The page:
How to Find (and Filter) Clean, Cool, Drinkable Water

You need water to survive. But what would you do if no clean water was available? Would you drink from a dirty creek? A polluted reservoir? Your own urine?

If you had to make a choice between drinking water from a questionable source and death — what would you do? Would you know how to find a clean water source or how to treat tainted water to make it safe to drink?

Well, lucky for you, that’s the topic of today’s alert. First, I’ll go over how to find viable sources of water in the wild. Then I’ll show you the best way to protect yourself and your family if safe, drinkable water is at a premium.

Let’s get started.

A Difficult Choice

Right now the people of Puerto Rico must decide whether or not to drink from wells that are potentially contaminated with industrial chemicals — and many residents have concluded the risk is worth it.

It’s a classic example of a Hobson’s choice. As Juan Carlos Oquendo told CNN, “I’m going to drink it. I’ve drank it before. It tastes fine. If I don’t drink water I’m going to die. So I might as well drink this water.”

Natural disasters aren’t the only reason you might have to choose the lesser of two evils in order to survive. On July 27, Mick Ohman left his Phoenix home to explore a small ghost town located in the Bradshaw Mountains — and almost didn’t live to tell about it.

On his way back to Phoenix, Mick took the scenic route, which lead him down unpaved roads through rough terrain. Eventually, his vehicle broke down in a remote area, leaving him stranded in triple-digit temperatures with no one aware of where he was.

Black Canyon Trail in the Bradshaw Mountains, Arizona

Black Canyon Trail in the Bradshaw Mountains, Arizona.

Mick quickly became dehydrated after just a few hours in the intense heat. With no water in sight and the situation getting more and more serious, Mick collected his urine and drank it to survive the night. The next day, Mick found a small creek he was able to drink from, giving him the energy he needed to continue his trek in search of help.

After wandering in the wilderness for close to three days without seeing a soul, Mick heard the unmistakable roar of a dirt bike engine. The motorcyclist cut his joyride short and drove Mick to meet first responders in a small town 45 minutes away.

Clearly, Mick was not prepared for his adventure and is incredibly lucky to have survived

Water, Water Everywhere

It goes without saying that finding water in a forest will typically be easier than in a desert. Start by looking for birds and insects. Flies, for example, tend to cluster around pools of water. Most birds also tend to stay near water (except crows and hawks).

Also, remember that large tree roots typically contain a drinkable amount of water. That being said, don’t overexert yourself digging up roots when you are already low on water. I recommend cutting out about three feet of roots and checking to see if there is any water in them before going whole hog.

Lastly, most forest animals never stray far from a water source, especially while grazing. All mammals need to drink water at regular intervals to survive, so if you see a group of them, there’s a good chance water is nearby.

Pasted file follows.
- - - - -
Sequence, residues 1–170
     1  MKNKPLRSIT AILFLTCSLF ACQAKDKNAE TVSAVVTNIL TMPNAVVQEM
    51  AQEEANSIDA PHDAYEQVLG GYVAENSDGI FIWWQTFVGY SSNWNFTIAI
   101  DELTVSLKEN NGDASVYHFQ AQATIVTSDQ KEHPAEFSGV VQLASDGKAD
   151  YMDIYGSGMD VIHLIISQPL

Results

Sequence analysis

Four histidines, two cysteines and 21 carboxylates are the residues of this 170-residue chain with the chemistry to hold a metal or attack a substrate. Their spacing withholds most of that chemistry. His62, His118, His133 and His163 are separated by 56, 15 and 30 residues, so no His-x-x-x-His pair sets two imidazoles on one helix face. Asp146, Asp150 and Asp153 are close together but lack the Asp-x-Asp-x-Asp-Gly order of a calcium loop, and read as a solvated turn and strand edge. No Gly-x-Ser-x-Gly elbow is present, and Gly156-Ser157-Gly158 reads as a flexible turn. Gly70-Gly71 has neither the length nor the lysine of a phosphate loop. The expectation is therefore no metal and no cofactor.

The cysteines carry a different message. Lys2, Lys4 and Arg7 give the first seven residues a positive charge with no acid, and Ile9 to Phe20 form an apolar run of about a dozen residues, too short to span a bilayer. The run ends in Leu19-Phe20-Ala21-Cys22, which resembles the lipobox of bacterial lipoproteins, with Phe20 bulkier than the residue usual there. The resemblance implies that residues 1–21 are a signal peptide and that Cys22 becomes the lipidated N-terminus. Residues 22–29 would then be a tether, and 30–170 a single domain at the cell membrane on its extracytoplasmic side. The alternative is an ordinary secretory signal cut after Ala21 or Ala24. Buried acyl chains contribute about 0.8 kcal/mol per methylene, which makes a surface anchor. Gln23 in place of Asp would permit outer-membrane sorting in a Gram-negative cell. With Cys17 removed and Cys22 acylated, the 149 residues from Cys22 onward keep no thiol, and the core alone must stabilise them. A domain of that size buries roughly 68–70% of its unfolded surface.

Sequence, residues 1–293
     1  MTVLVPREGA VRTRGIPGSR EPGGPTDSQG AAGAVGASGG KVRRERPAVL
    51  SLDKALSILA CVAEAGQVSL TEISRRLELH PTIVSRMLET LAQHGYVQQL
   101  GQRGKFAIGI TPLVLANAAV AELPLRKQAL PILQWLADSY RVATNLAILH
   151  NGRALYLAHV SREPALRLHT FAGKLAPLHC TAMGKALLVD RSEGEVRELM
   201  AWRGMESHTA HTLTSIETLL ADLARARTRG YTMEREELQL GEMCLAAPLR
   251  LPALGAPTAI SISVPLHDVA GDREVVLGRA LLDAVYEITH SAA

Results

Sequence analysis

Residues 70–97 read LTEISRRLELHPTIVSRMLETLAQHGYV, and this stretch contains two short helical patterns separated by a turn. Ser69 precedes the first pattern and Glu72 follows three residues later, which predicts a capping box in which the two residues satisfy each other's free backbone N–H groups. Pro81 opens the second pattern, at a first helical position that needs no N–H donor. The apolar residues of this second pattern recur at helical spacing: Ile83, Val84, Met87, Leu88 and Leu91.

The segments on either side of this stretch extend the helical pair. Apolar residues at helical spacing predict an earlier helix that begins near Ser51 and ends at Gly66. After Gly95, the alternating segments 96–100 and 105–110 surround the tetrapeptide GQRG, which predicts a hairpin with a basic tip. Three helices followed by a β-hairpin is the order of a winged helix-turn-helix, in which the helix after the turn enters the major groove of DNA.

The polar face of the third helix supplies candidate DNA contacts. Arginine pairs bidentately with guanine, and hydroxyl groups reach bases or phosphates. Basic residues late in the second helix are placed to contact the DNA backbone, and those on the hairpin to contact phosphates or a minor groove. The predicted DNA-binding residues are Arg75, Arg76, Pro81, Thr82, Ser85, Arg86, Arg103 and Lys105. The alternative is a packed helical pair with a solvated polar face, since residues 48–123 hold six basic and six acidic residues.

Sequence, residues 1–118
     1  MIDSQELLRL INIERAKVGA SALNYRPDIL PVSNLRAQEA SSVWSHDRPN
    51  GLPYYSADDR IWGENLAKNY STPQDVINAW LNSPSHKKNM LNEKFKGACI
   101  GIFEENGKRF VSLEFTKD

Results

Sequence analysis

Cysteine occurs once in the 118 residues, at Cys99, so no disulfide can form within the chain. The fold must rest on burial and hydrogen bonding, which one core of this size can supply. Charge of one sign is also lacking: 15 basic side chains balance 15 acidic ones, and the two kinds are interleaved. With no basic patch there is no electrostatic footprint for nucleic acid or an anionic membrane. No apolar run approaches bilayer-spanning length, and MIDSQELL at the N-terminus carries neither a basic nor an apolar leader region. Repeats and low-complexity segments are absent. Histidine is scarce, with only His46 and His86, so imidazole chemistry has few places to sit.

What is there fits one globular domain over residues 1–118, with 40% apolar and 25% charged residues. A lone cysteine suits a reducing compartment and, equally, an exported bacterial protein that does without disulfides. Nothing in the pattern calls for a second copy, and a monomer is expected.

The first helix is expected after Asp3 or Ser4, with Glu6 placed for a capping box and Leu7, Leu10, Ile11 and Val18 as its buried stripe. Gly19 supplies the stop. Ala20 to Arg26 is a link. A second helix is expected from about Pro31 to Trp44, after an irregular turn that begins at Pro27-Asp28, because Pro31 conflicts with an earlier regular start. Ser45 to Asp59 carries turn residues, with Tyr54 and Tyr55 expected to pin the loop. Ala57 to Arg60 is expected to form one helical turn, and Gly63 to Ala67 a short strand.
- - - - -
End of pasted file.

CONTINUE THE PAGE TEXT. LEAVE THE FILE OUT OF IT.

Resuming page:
If you find yourself lost in the desert like Mick, finding water will be more challenging, but it’s not impossible.

Just like in a forest environment, insects and birds are great indicators for finding water. In the desert, ants, bees and mosquitoes are usually found close to a water source. Also, look for signs of animals traveling together — a cluster of animal footprints in a specific area may signify a watering hole is close at hand.

One benefit of being in a desert is that you can usually see a greater distance than in a forest. When you scan your surroundings, look for clumps of vegetation. Typically, the greener and lusher the vegetation is, the more water you will find nearby.

So Fresh and So Clean

Now, let’s say you’ve found water. It still needs to be filtered before you can drink it. After all, the last thing you want is to get sick from drinking dirty water. One of the most common symptoms of drinking contaminated water is diarrhea, which will dehydrate you even more and make your situation much worse.

This is why I always recommend carrying a portable water filter — like the SurvFilter — in every bug-out bag and vehicle you own. Because it’s way too risky to drink dirty water.

When water flows through the SurvFilter, there’s an ionic exchange that captures the viruses and bacteria so you only get clean drinking water. (Imagine the filter is a magnet that extracts all of the bad stuff.)

It has been rigorously tested and certified by independent water laboratories (BCS Laboratories in Gainesville, FL, FL DOH Laboratory #E82924, EPA# FL01147) to remove 99.9% of contaminants, including bacteria, viruses, Giardia and Cryptosporidium.

What’s more, the filter is infused with silver, which means it eliminates bacteria (and everything else) going through it so grit doesn’t build up and clog the filter.

Click here to see this amazing filter in action.  

You’ve heard me say it before, but it bears repeating: Human beings can only survive about three days without water.

The next time you restock your bug-out bag, don’t forget to make sure it has a quality survival water filter. That way, if you ever find yourself stranded in the wild, you’ll know how to find a water source and use your SurvFilter to make it safe to drink so you can make it home.

Stay safe,

Jason Hanson

Jason Hanson

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